Default Risk and Equity Value: Forgotten Factor or Cultural Revolution?
47 Pages Posted: 6 Mar 2018 Last revised: 21 May 2018
Date Written: February 26, 2018
La version française de cet article peut être consultée à: https://ssrn.com/abstract=3065948.
Default risk is the forgotten factor when it comes to equity valuation. And yet, in this article, we show that default risk has a bigger impact on equity values than it does on bond values.
Our work is based on a default intensity model that we extrapolate to equities. This model does not presuppose a particular method for estimating distance to default. As a result, unlike Merton structural models, which only apply to indebted companies, it can be used to assess default risk for any company.
Highlighting a default risk premium in the cost of capital calculation makes it possible to reconcile the CAPM with evaluation methods based on forecasts in the event of survival. At the same time, the CAPM and default risk can explain the vast majority of bond spreads.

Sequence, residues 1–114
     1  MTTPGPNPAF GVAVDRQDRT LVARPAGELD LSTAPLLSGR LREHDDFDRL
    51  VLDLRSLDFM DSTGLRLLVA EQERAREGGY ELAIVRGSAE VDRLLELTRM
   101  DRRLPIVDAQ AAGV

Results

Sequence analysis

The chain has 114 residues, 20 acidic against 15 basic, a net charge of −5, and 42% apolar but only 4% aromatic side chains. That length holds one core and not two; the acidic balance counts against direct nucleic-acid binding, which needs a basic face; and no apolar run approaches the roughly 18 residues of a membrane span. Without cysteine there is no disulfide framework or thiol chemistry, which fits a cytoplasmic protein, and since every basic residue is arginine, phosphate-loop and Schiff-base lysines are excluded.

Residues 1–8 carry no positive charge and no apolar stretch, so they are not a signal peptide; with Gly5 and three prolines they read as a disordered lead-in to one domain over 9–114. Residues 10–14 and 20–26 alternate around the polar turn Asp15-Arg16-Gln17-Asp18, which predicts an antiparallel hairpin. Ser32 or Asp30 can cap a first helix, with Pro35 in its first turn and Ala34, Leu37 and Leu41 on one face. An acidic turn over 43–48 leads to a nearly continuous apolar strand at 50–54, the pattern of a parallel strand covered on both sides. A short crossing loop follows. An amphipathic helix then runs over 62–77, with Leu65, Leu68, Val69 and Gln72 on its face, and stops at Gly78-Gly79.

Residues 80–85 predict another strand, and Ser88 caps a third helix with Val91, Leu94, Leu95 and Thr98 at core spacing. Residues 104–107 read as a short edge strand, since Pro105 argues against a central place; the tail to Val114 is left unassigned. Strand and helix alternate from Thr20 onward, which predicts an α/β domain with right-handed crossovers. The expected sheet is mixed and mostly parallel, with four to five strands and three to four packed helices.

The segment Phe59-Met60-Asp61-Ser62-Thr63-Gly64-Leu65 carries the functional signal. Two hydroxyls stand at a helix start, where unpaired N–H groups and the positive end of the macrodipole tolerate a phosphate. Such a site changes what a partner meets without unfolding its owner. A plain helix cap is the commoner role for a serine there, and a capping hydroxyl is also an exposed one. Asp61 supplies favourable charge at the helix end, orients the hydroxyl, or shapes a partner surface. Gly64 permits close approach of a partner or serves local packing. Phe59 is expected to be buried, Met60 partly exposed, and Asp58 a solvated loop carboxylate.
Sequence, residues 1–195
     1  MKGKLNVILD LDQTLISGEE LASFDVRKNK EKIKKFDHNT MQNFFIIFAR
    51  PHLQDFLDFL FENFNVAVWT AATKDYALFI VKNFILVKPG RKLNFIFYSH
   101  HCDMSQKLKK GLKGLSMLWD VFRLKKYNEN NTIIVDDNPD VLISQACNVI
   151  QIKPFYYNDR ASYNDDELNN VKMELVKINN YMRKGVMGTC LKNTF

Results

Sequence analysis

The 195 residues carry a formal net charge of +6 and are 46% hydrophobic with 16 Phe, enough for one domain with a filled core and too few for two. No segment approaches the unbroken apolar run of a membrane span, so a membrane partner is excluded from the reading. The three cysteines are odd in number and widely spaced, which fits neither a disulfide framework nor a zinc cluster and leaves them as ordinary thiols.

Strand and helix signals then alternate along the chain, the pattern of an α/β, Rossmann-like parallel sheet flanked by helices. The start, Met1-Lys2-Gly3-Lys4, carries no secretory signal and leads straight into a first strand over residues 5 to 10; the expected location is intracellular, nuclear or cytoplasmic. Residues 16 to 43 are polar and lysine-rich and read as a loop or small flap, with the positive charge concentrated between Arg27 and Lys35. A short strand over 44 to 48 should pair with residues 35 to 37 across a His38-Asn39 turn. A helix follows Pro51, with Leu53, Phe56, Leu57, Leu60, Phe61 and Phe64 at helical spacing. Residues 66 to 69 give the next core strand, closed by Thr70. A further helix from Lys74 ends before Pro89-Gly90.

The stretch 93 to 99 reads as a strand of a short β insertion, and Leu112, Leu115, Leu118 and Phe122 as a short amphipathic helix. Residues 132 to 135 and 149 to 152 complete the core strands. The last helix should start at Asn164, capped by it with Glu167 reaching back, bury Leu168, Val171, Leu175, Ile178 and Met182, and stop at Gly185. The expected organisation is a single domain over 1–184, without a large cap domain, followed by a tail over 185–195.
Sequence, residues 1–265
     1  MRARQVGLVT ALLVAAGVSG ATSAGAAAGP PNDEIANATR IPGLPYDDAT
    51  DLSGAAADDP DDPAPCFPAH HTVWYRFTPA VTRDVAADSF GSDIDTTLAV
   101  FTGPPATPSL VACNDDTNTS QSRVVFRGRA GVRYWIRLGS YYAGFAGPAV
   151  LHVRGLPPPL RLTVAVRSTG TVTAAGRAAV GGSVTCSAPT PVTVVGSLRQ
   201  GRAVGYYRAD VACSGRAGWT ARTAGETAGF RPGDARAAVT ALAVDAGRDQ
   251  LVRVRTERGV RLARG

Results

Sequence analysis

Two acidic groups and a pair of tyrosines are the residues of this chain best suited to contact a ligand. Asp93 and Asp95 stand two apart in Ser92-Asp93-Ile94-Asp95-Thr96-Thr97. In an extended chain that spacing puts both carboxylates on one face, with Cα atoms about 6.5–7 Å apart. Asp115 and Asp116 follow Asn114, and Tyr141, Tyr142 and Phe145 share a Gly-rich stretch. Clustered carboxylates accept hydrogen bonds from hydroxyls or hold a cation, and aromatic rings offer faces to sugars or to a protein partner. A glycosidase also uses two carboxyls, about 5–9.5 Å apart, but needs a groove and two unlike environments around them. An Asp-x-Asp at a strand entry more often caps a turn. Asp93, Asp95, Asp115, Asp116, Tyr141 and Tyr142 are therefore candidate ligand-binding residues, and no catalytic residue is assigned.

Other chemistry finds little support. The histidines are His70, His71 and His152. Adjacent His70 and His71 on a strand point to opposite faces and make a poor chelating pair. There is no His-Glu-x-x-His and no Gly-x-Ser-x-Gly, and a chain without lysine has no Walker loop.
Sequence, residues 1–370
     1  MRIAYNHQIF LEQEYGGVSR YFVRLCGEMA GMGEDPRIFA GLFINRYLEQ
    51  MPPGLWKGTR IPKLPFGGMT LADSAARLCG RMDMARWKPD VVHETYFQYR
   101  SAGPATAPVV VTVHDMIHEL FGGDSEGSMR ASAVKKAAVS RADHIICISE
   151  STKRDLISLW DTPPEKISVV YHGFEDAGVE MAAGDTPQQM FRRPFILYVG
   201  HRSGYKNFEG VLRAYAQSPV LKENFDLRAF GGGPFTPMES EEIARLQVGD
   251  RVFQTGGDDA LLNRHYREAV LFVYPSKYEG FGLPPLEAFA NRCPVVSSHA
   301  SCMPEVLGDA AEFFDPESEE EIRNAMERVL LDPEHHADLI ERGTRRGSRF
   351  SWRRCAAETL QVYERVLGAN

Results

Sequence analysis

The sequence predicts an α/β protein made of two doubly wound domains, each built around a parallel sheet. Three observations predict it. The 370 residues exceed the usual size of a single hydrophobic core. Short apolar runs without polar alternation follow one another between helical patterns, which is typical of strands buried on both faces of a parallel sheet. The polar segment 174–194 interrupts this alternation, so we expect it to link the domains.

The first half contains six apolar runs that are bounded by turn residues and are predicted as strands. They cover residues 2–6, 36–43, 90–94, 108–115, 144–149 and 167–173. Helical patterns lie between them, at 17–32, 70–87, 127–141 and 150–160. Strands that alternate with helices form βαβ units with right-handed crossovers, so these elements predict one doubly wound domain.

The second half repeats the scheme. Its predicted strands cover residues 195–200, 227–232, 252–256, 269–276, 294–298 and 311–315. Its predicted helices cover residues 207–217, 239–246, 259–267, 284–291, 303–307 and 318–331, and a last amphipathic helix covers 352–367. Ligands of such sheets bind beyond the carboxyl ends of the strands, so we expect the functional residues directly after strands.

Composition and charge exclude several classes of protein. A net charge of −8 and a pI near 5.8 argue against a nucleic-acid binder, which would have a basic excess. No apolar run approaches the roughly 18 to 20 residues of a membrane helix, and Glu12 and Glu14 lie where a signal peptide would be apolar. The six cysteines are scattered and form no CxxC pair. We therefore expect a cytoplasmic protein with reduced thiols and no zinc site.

The test consisting of estimating “physical” implied default probabilities and the share of systemic risk included in corporate euro bond spreads at end-2015 led us to detect the likely existence of excessive remuneration of investment grade bonds. This finding corroborates identical conclusions reached earlier by other researchers. This potential market anomaly could indicate a windfall for investors. Performing this test again at various points in the economic and financial cycle would help establish whether the bond market is serving a free lunch to investors not bound by regulatory reserve requirements.
Keywords: Cost of Equity, Credit Risk, Default Risk, Credit Spread, Default Spread, Default Premium, Systematic Risk, Cost of Leverage, Cost of Default, APV, Adjusted Present Value, Reduced Form Model, Debt Beta, CAPM, Spread AAA, Implied Cost of Capital, Ex-Ante Equity Risk Premium, Forecast Bias, Optimistic
JEL Classification: G12, G32, G33, M21
Suggested Citation: Suggested Citation